It was not where she wanted to be.
Teja’s breath caught, struggling in a way that had nothing to do with the toxic air she’d breathed in or the scarring of hot ash. There was light, in her eyes. She flinched back, instinctively.
“You all right, there?”
A man’s voice. Calm, composed, unfamiliar.
Teja made herself nod, once. Even that was a lie, but it was the one she was supposed to be telling.
“Can you take a few deep breaths for me?”
Another nod, and she made herself follow through. Some of the haze cleared, but the place was still enough to make her shudder.
An apology, quiet.
She trailed off, not exactly sure how she wanted to end that sentence. Unfortunately, the hospital was exactly where she needed to be, and she knew it.
The unfamiliar doctor nodded, consulting a chart. “You had mentioned that, at intake.”
Like Alvis Holt, there was no disguising the fact that he knew exactly who she was. A moment of silence, then a subtle inquiry, “You were a soldier for a long time. PTSD?”
Part of her wanted to tell him everything was fine, but... no, it wasn’t, was it? And people were... here. For her. She nodded instead. It hadn’t been her time in the army that had been responsible for her reaction to hospitals, but that wasn’t something that she needed to discuss here.
“I’m seeing someone about it. It’s... helping. A little.”
She was here, wasn’t she? She’d made it that far.
A note of approval. Teja nodded acceptance of it.
As tempting as it had been to retreat to Empyrean and hole up there, Teja knew she needed the experience of an actual medical professional for this one. Stahlzahn might be able to heal damage eventually, but something like the injury to her leg would take a long time, and there was the damage to her lungs to contend with as well.
Breathing in volcanic air had been bloody stupid
, she acknowledged, but the whole point of the thing had been to trust the sword - to prove that trust - and so she’d needed to lay her life on the line, for what she’d believed in. Or maybe she hadn’t, and she was just making things harder on herself. Or maybe she had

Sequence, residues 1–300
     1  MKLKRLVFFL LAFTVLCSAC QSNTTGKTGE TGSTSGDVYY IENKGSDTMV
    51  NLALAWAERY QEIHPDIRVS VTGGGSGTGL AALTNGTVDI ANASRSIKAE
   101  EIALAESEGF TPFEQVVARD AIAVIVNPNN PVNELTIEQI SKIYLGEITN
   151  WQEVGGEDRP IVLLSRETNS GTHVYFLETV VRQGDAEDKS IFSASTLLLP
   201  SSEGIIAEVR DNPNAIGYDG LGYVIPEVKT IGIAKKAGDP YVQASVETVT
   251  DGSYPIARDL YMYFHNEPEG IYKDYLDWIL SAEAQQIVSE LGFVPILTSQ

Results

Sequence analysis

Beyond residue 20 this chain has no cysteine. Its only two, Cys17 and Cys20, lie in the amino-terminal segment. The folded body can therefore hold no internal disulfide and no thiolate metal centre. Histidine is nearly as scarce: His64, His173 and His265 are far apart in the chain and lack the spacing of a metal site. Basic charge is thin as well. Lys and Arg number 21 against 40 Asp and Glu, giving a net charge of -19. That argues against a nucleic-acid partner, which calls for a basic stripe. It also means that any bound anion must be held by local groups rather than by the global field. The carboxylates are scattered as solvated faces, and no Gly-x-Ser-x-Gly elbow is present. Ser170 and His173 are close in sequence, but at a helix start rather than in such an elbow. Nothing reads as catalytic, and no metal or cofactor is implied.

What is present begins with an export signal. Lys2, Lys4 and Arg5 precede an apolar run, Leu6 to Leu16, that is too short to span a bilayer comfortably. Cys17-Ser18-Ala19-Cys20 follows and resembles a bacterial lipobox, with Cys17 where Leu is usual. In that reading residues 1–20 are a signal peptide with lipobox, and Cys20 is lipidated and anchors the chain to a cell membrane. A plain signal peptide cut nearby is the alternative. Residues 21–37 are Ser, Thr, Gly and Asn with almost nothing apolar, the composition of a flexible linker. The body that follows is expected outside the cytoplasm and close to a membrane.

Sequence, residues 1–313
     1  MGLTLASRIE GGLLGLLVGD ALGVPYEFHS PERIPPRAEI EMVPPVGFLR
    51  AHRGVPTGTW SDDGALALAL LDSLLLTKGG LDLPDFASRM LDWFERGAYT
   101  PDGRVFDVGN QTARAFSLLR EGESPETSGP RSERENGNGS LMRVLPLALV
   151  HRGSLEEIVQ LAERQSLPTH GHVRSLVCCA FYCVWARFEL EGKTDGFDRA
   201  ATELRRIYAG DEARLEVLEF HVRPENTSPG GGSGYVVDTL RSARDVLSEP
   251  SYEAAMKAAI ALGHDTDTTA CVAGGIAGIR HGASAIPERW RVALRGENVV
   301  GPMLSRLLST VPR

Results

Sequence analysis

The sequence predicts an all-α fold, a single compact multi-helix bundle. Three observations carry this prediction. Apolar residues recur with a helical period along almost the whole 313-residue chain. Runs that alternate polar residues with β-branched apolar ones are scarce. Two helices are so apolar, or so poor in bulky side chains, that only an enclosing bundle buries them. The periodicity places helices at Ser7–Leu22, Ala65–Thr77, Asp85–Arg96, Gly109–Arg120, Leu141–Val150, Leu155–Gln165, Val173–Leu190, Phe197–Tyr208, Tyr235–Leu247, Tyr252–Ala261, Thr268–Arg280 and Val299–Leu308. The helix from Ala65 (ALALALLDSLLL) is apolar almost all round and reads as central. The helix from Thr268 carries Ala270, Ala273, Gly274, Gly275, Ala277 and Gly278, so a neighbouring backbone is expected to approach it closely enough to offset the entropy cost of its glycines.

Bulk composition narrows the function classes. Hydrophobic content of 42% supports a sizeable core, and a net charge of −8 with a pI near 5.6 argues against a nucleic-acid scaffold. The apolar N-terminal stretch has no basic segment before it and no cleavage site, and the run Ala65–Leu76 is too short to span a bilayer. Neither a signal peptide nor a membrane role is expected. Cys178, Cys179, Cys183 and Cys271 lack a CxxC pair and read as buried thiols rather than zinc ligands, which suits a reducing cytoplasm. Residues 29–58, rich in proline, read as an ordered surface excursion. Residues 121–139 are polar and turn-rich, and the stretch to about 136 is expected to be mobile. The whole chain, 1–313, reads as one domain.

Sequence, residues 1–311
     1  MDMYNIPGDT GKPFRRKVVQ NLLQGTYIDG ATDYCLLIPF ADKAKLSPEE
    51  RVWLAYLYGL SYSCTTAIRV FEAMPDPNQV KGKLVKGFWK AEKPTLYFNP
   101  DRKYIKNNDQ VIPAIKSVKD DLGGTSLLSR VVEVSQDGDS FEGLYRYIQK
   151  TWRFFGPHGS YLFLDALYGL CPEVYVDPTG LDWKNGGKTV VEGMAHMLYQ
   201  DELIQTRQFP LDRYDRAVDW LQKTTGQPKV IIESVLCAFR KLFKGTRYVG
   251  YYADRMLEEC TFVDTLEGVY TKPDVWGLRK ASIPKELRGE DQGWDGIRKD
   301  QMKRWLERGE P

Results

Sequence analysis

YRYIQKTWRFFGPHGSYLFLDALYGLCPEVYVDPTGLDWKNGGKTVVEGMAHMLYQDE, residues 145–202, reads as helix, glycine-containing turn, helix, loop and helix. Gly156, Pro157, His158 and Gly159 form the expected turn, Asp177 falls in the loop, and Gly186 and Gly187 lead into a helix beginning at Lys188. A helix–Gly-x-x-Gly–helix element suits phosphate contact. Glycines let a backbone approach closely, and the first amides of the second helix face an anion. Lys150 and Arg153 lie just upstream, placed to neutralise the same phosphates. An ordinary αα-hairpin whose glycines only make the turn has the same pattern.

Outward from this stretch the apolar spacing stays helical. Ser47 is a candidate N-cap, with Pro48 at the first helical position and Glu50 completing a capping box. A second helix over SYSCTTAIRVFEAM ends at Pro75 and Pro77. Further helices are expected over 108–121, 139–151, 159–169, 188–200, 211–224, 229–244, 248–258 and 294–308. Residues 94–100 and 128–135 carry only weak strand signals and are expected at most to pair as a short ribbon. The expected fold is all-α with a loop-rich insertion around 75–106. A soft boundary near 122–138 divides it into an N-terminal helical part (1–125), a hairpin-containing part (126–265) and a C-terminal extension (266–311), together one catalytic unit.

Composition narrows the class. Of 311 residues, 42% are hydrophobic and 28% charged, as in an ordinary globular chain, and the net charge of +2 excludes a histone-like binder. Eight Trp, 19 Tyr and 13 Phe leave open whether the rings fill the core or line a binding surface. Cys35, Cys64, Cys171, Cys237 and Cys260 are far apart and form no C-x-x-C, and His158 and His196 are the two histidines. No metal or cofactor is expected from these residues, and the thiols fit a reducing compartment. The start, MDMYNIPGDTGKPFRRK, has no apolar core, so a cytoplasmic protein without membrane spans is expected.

, but only because she had believed that she had to. The notional Eldest did not precisely make scientific sense, after all.
She’d also considered transferring back to the government. No doubt someone on Dr. West’s team could have helped her - but it wasn’t safe there. Terminus knew where it was... and unlike a regular hospital, she didn’t think he’d stop from violence to get at her, if she’d gone back there.
The thought stung, more than the injuries. The doctor had shifted, setting his clipboard aside, and a spike of pain from her leg made her grit her teeth. “Feel that? This is...”
A glance to the clipboard, though he wasn’t close enough to read it - likely a habit, mentally reviewing what he already knew. “Lava, you said. How did that happen?”
Teja met the inquiry with silence, reminding herself that he had to ask. It was his job, and he was doing it - just like she tried to do hers.
He met her eyes for a moment, and she could see in them that he knew that tone. Teja returned his gaze, unwilling to back down. She could tell that he wasn’t happy with that response, but it was the one he was getting. His nod didn’t believe her, but set the subject aside with a sigh. “This is going to have to get scraped off. I’d strongly recommend putting you under, it’s not going to be pleasant.”
Teja shook her head.
“Can’t. I have to stay conscious. If I pass out, I’ll discharge. People could get hurt. People will get hurt.”
Not just those near her, but other patients - her electrical discharge might interfere with whatever sensitive instruments were in use. Things like monitors, x-ray machines... ventilators.
No, she couldn’t afford to be unconscious. Not here. Hospitals...
Once again, she made herself breathe.
He gave her a skeptical look, over the tops of his glasses, “Is this going to be the point where you tell me you want to tough it out? Because this is going to be extremely painful.”
“No. I’m not crazy.”
Perhaps that was arguable... but not here. Not right now.
“No general anesthetics. Nothing that will interfere with my clarity of mind. I need to focus so I don’t discharge. Locals are fine. Spinal block’s fine if that’s your recommendation. Just... get the debriding done and get it bandaged up. The sooner I’m out of here, the safer everyone will be.”
He nodded, poking at the leg again in a way that drove further thinking about things out of her mind. There was a slight frown on his face. “I’m going to have to take a lot of this off with a scalpel.”
A pause, then a quiet sigh. “Ms. Docesznic... I think you already know there’s some pretty deep damage under here. We’re not going to know how bad it is until we get in there. But... I think you should be prepared that you might lose the leg.”
Refusal - or denial. Her hand moved, to the blade beside her, a comforting weight beneath her fingers.
More calmly now, determined.
“I don’t do prosthetics. I want my own body.”
“Even if that means you don’t walk unassisted again?”
She hesitated, then inquired, directly,
“It’s too early to tell. But... it would be best to prepare for that possibility.”
Teja thought about it, then nodded slowly.
“The sword will heal it. Eventually.”
It had managed the arm, after all, after the last time she’d been injured in a volcano. For a moment, she almost smiled, then leaned back and let herself believe.
“I just need time.”
Her fingertips stroked the blade, calm and certain.
“Time... and faith.”